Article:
Judge keeps ex-cop's 20-year sentence for killing Black man

COLUMBIA, S.C. (AP) — A judge upheld a 20-year prison sentence for a white former police officer in the killing of an unarmed Black man in South Carolina on Monday, saying the officer’s lawyer did not do a poor job.

Michael Slager had appealed his sentence, saying his lawyer never told him about a plea offer from prosecutors that could have cut years off his eventual prison term for fatally shooting Walter Scott.

But federal Judge Richard Gergel wrote in his ruling Monday that he believed Slager’s lawyer Andy Savage, who said in court papers as Savage pleaded guilty in 2017 that he told his client about every plea offer. Slager testified during a hearing last week he didn’t know about the initial deal from prosecutors.

Slager’s 20-year sentence was one of the longest in recent memory for a police officer for an on-duty killing.

Slager pleaded guilty to a federal civil rights charge for shooting Scott in the back five times on April 4, 2015. Slager had pulled over the 50-year-old Black motorist for a broken brake light when their confrontation was captured on a bystander’s cellphone video that later spread worldwide on social media.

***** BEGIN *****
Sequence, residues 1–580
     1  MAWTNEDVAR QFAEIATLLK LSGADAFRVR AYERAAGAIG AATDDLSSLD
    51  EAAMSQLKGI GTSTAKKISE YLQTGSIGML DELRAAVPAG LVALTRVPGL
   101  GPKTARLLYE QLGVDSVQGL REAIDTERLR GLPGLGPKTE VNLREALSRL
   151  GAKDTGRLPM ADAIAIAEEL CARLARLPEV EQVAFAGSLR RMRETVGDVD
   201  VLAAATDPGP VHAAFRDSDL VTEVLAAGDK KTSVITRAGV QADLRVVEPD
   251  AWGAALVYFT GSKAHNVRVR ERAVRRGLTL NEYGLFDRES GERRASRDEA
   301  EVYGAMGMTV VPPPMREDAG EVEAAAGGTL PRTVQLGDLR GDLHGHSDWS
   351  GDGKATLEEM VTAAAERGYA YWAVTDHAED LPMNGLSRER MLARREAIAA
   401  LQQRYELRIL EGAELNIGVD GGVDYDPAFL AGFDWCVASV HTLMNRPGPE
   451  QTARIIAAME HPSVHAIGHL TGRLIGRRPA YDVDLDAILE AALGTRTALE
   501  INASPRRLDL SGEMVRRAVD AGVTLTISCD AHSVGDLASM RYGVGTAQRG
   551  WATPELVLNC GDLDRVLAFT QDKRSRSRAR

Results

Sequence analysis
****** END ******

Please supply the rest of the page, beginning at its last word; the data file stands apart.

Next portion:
In the encounter, the two could be seen tumbling to the ground after Slager hit Scott with a Taser. Authorities said their investigation found Scott got back up and was shot from a distance of about 15 feet (5 meters) as he ran from the officer.

The shooting itself was captured on video, something Slager didn’t know when he initially told investigators that Scott had charged at him after stealing his Taser.

“At sentencing, Petitioner attempted to blame the victim. Now, he attempts to blame his defense counsel and the trial judge. But a careful review of this entire tragic episode makes plain that Petitioner has no one to blame for his present predicament and sentence but himself,” Gergel wrote.

Savage is one of South Carolina’s most accomplished attorneys and at the time he was also representing a Black church member whose life was spared in a racist massacre that killed nine people in a Charleston church in 2015, two months after Slager’s arrest.

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